allegedly perfidious salesman protected from passing off liability, but might have engaged in false advertising

Burton v. Label, LLC, No. 15-CV-5793 (VSB), 2018 WL 4759735
(S.D.N.Y. Sept. 30, 2018)
Label, founded by the Millers, sells bespoke and custom
men’s clothing throughout the United States. Schwartzman (for whom Burton is
the trustee) worked for Label as Vice President of Sales. While employed at
Label, he established his own bespoke tailoring and made-to-measure men’s
clothing company, named Trusgan, and thereafter provided his services to Label
as an employee of, and through, Trusgan. Label hired a company called ADP to
automate its employee payroll system, and began paying Trusgan for
Schwartzman’s services through ADP. Allegedly, as a result of an error, ADP
began paying Schwartzman’s salary twice through two payroll accounts, and
blamed him when it was discovered (after he told Label he was leaving). The
Label defendants allegedly began a “campaign of calumny” accusing Schwartzman
of fraud and embezzlement, and telling customers that Schwartzman’s claim that
he could offer Label’s products at a cheaper price is false because they’d
received commitments from their suppliers not to do business with Schwartzman.
Label counterclaimed, alleging various claims against
Schwartzman, including violation of the Lanham Act. The Millers allegedly began
receiving customer complaints about Schwartzman’s quality of service, and he
allegedly tried to steal customers for his own side business during Label work
hours and using Label resources. He allegedly surreptitiously contacted Label
clients, misrepresented that he was placing orders for them through Label, and
instead placed the orders through his own company. In one case, a supplier
asked whether the “orders were still under Label,” to which Schwartzman
replied, “all these orders are under me not Label,” and “I was only sending
them to you because I can’t risk them accidentally being sent through Label.” A
client allegedly complained to Label about the fit of the order, delivery
times, and customer service, believing that Label had been responsible.
Schwartzman allegedly told Label customers that he was opening up his own business
and that “he could continue to service these customers at this new business
where he would provide better customer service and pricing than Label, while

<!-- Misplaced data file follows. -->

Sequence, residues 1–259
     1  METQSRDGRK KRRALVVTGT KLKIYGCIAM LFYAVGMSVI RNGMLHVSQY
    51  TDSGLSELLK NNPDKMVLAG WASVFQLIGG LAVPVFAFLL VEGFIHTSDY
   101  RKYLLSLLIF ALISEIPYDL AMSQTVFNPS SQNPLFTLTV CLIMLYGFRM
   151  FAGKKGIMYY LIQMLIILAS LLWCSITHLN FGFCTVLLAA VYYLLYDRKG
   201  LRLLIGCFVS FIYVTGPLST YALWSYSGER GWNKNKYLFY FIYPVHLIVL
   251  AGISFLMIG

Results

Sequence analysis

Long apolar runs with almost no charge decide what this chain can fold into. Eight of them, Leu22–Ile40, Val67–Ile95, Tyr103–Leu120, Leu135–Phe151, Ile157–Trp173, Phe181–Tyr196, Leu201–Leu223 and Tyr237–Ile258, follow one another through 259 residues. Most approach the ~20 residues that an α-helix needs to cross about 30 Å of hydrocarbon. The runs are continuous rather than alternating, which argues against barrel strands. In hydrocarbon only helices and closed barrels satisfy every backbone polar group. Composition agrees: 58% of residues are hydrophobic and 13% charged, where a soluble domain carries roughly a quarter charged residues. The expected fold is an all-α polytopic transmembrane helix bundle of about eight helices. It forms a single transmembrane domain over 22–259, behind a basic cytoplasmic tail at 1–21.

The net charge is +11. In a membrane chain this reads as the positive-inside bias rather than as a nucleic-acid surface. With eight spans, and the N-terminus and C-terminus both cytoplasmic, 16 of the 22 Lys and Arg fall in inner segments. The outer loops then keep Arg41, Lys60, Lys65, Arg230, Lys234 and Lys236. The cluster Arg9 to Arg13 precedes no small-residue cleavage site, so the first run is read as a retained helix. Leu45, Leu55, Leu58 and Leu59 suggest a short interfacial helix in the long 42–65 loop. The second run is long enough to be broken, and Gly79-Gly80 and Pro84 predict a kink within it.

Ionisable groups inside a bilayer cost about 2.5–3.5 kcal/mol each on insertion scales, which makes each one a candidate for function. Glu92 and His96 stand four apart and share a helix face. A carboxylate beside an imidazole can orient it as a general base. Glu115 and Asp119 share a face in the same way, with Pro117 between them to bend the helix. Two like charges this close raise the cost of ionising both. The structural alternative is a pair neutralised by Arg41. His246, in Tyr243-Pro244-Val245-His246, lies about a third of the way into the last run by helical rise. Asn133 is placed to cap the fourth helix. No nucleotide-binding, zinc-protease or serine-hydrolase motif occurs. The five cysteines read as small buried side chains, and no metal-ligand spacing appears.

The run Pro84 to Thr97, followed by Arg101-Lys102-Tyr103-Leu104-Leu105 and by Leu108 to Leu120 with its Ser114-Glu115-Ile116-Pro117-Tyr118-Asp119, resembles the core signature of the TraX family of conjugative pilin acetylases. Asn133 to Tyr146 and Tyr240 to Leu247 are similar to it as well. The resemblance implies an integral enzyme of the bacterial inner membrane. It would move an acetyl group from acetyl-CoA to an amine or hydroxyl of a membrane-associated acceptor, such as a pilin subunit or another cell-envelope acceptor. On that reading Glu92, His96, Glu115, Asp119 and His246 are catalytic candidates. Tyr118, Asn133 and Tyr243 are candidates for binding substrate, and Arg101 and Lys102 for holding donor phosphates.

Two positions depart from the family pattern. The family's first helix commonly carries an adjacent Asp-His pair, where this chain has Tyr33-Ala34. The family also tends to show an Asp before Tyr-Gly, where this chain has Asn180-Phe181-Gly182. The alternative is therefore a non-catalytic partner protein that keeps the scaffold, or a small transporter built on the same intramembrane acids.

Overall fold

offering the same exact product.” The counterclaims told the alternate story in
which the salary double-dipping was indeed Schwartzman’s doing.
After Schwartzman left Label, Label allegedly discovered
that Schwartzman “represented … that he could easily handle former Label
clients through Trusgan, because Schwartzman had these Label clients’
measurements and other information regarding their previous orders from Label”
and that “he can beat LABEL’s pricing … by 20% to 30% while offering the
exact same product, from the same manufacturers and using the same fabrics.”
The Lanham Act counterclaims had two theories: first, while
employed by Label, Schwartzman sold what he represented to be Label products
but were not in fact Label products; second, after leaving Label, he told
customers that he could offer the same product, but cheaper. The court rejected
both claims on the pleadings.
False association: As an example, Schwartzman placed an
order with a Label supplier, explaining that the order was for Schwartzman, not
Label. Schwartzman’s client subsequently mistakenly complained to Label about
“the fit of the order, delivery times, and customer service.” Assuming that
Schwartzman was indeed using his position as a Label salesman to sell items
represented to be Label goods by placing orders with Label suppliers, “he was
simply unlawfully pocketing proceeds that belonged to his employer; he was not
falsely representing the origin of his own goods. Selling trademarked goods
under its trademarked name is not a violation of the Lanham Act.” Basically first sale, except not quite.
Label argued
that it offered not just clothes, but customer service, but that theory didn’t
work here. While “distribution of a product that does not meet the trademark
holder’s quality control standards” may result in devaluation of the mark and
thus not a genuine product, the trademark holder must allege that “(i) it has
established legitimate, substantial, and nonpretextual quality control
procedures, (ii) it abides by these procedures, and (iii) the non-conforming
sales will diminish the value of the mark.” Here, the quality-of-service
argument “makes no sense in light of the fact that Schwartzman was the Vice President
of Sales at Label, making the quality of service he provided one and the same
as the quality of service Label provided.” The complaint even alleged that
customer gripes about “the fit of the order, delivery times, and customer
service,” were of the type that “had become routine with respect to
Schwartzman’s work.” “Thus, there is no distinction between the goods
Schwartzman sold as Label goods and actual Label goods supplied under
Schwartzman’s watch.”
The false advertising claim had more purchase in theory, but
was inadquately pleaded. First, commercial advertising or promotion wasn’t
pled, merely “isolated disparaging statements” that “do not have redress under
the Lanham Act.” Label “makes no attempt to define the relevant market, but
claims to have over 750 clients,” and didn’t specify the number of the clients
Schwartzman allegedly contacted. 
Likewise, the allegations of falsity would need more specificity to
proceed; Label’s briefing indicated that it could replead to state that
Schwartzman lacked access to their fabrics and suit styles.

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